FIVE THINGS

It’s in the Making

3

It’s easy to walk past this group show – after all, the entry is almost blocked by boards and stacks of lumber. Visitors may be excused for thinking the show is still being installed or the gallery needed urgent repairs. But look a little closer: that lumber is a little too artful, those steps lead nowhere, and few workers would fit under the scaffold passageway. And then, of course, the real giveaway – a couple pieces of art are tucked amidst it all. In fact, this ersatz construction site is also art – an installation titled The Best Laid Plans, built by the Bomford boys – brothers Cedric and Nathan, along with father Jim. Its quick wink is an apt introduction to It’s in the Making, on view at the Art Gallery of Greater Victoria until Feb. 12. The show, curated by Haema Sivanesan and Nicole Stanbridge, takes as its subject the way art is made, its materials and processes, a topic that seems newly relevant given the recent trend to “maker” culture in wider society. More ►
– Portia Priegert

Pat O’Hara, “Spring,” 2016, acrylic on panel with resin, 24” x 48”

FIVE THINGS

Plucking the Strings

4

Pat O’Hara’s exhibition at the Bau-Xi Gallery in Vancouver is called Linearity and it’s easy to see why. Her painting Spring, like other works in the show, which runs from Jan. 7 to Jan. 18, is composed largely of vertical – or roughly vertical – lines. O’Hara says she starts with an under-painting to create depth and then adds the lines by dragging strings covered in acrylic paint across the surface. She has worked with the motif before, but in this series the colours are bold and the lines assertive. O’Hara is excited by the work, and particularly a final resin coating that the gallery suggested to give the paintings greater luminosity. “It looks like glass over the paintings,” she says. “It just gives it a whole new life.” O’Hara grew up in Vancouver and attended what is now the Emily Carr University of Art and Design. She started showing at the Bau-Xi in 1984, a few years after she graduated. Now 80, she still paints every day in her studio, atop her home in Point Grey. O’Hara hopes her paintings give people aesthetic pleasure. “I hope it’s something they can look at and look at again and find new surprises.” More Images ►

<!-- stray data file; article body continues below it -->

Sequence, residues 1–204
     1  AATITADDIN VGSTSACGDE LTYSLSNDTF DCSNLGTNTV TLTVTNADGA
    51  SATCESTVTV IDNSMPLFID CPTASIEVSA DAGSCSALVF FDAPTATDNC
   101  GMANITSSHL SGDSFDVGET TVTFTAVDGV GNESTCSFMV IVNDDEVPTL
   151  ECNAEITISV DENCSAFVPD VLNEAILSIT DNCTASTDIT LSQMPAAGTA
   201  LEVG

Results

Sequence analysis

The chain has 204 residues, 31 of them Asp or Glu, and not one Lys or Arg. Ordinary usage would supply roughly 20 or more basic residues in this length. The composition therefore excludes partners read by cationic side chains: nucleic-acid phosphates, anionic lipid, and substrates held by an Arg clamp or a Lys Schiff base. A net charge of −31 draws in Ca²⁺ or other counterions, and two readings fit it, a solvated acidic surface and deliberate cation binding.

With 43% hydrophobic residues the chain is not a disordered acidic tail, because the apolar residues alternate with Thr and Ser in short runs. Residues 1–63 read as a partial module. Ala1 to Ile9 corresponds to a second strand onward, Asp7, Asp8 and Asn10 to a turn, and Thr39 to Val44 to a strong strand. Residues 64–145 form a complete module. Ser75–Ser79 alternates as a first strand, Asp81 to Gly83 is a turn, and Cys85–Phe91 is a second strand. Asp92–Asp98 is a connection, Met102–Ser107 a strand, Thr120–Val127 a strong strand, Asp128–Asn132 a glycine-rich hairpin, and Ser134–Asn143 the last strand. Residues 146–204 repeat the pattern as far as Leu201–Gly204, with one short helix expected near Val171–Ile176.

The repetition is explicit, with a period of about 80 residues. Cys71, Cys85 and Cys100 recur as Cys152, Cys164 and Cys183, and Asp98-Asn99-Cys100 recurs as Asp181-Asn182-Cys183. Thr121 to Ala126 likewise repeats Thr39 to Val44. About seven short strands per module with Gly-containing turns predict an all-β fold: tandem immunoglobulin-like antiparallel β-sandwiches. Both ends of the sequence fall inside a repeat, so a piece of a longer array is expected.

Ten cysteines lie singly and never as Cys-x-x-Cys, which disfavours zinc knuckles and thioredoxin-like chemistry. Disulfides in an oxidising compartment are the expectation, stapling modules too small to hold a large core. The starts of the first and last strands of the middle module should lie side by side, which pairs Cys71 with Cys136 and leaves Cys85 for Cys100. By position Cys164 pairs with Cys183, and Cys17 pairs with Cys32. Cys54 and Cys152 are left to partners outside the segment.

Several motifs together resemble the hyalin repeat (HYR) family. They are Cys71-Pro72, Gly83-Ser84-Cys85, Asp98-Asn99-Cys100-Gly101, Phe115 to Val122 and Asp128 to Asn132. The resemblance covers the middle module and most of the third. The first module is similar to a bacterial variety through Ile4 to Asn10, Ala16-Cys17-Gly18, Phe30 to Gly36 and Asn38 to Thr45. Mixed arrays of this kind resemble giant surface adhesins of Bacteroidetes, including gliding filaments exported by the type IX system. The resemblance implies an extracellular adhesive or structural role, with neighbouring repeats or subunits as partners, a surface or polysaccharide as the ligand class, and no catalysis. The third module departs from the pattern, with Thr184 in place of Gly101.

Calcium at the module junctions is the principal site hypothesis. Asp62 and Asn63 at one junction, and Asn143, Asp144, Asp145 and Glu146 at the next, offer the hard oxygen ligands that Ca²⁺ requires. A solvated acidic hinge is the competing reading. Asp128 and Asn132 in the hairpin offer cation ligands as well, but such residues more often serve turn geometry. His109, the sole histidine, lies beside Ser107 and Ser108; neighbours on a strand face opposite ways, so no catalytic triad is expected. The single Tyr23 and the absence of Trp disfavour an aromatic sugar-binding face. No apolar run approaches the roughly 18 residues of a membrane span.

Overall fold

This arpillera made by Chilean women depicts a military attack on Carmen Gloria Quintana and Rodrigo Rojas DeNegri, who later died. Photo by Aaron Cohen, CMHR.

FIVE THINGS

Latin America’s Political Art

5

Quilting is often seen as a comforting display of hominess, but an exhibit about freedom of expression in Latin America on view until July at Winnipeg’s Canadian Museum for Human Rights lays bare an alternative use of the craft as a tool of protest. The display includes three arpilleras or patchwork pictures created by groups of women during the Pinochet dictatorship in Chile. A particularly chilling example tells the story of Carmen Gloria Quintana, an 18-year-old student protester who was drenched with gasoline and set alight in 1986. The image shows Quintana sprawled on the ground, amidst a ring of soldiers, all set against a pastoral landscape. Quintana survived and, with help from Canadian diplomat Christian Labelle, was flown for treatment to Canada, where she now lives. More ►

 

MASTHEAD

03 January 2017

Volume 2 Number 1
Copyright 2017

 

Galleries West Digital is an online magazine published every second Tuesday to promote and advance the visual arts. Launched in 2016, it replaces the print version of Galleries West magazine, which covered art and artists in Western Canada for 15 years. Our award-winning website, gallerieswest.ca, the repository for all content, is an open archive of information about the arts in communities large and small throughout Manitoba, Saskatchewan, Alberta and British Columba as well as Yukon and the Northwest Territories.

 

Editor Portia Priegert